Children and Domestic Violence...
Domestic violence affects children negatively in many areas of their lives.
Children in violence homes often feel afraid and confused. They are traumatized emotionally even if they are not physically abused, but simply witness abuse between parents. They fear for the welfare of their parent and often feel helpless and depressed.
Children who witness family violence are at a higher risk to experience behavior problems produced by stress. Often times these children have low self-esteem, feel isolated, anxious, depressed, and experience frequent illness and mood swings.
Additionally, children learn by observing and see that violence works…it gets you what you want. Often children model their parent’s behavior. They tend to continue the pattern of family violence either as a victim or as an abuser.
Talk With Your Children:
- Tell them that violence is not their fault.
- Explain that the abuser’s behavior is wrong.
- Explain that feeling angry is OK, and teach them non-violent ways to express anger.
- Encourage them to express how they feel and be positive about police intervention, the criminal justice process and the future.
- Children who live in a home where battering occurs are likely to experience a variety of negative effects and problems.
- Children may be injured during an incident of violence, may suffer feelings of helplessness, may blame themselves for not preventing the violence or for causing it, and may be abused or neglected themselves.
- Children in violent homes face a dual threat: witnessing traumatic events and the threat of physical assault.
- Children living with domestic violence experience unnaturally high levels of anxiety.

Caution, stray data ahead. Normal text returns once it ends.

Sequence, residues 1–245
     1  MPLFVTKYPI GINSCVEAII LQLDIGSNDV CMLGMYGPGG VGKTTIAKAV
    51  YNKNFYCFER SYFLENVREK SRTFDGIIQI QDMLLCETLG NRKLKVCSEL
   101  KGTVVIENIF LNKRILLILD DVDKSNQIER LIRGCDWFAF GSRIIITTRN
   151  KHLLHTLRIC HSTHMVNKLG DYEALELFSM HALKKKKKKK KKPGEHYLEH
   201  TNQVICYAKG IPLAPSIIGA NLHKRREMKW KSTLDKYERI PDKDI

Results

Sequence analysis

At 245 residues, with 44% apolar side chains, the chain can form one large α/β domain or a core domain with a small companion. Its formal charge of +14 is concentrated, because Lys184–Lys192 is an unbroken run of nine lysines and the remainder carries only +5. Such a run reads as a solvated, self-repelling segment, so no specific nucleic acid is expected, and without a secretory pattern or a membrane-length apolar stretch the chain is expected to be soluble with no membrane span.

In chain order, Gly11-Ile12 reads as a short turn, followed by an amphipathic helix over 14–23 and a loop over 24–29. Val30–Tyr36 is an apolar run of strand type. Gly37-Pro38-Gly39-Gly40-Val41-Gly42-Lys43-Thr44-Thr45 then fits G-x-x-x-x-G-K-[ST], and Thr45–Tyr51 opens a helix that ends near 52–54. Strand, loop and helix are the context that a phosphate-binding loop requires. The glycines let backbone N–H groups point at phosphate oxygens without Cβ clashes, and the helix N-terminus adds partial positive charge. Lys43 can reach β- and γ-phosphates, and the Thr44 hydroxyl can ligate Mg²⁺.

- Children may suffer Post Traumatic Stress Disorder (similar to what war veterans suffer) even after a single incident.
- Children exposed to domestic violence often experience difficulties in school.
- Children living in violent homes have more frequent incidents of truancy, theft, insomnia, temper tantrums, and violence toward others than children raised in a non-violent atmosphere.
- Studies indicate that boys exposed to family violence tend to be overly aggressive and disruptive.
- Studies show that girls who are exposed to family violence tend to withdraw and behave more passively than girls not exposed to violence.
- Children who live in abusive homes have a higher risk of juvenile delinquency and substance abuse.
It is extremely important for children who live in violent homes to have a simple safety plan...
Safety Plan for Children:
- Warn children to stay out of the adults' conflicts.
- Make a list of people the children can trust and talk to when they are feeling unsafe (neighbors, teachers, relatives, friends).
- Decide ahead of time on a safe place the children can go when they feel unsafe.
- Teach children how to use police and other emergency phone numbers.
- If the children continue to have problems as a result of the violence, be sure to seek counseling for them. Please see the referral list.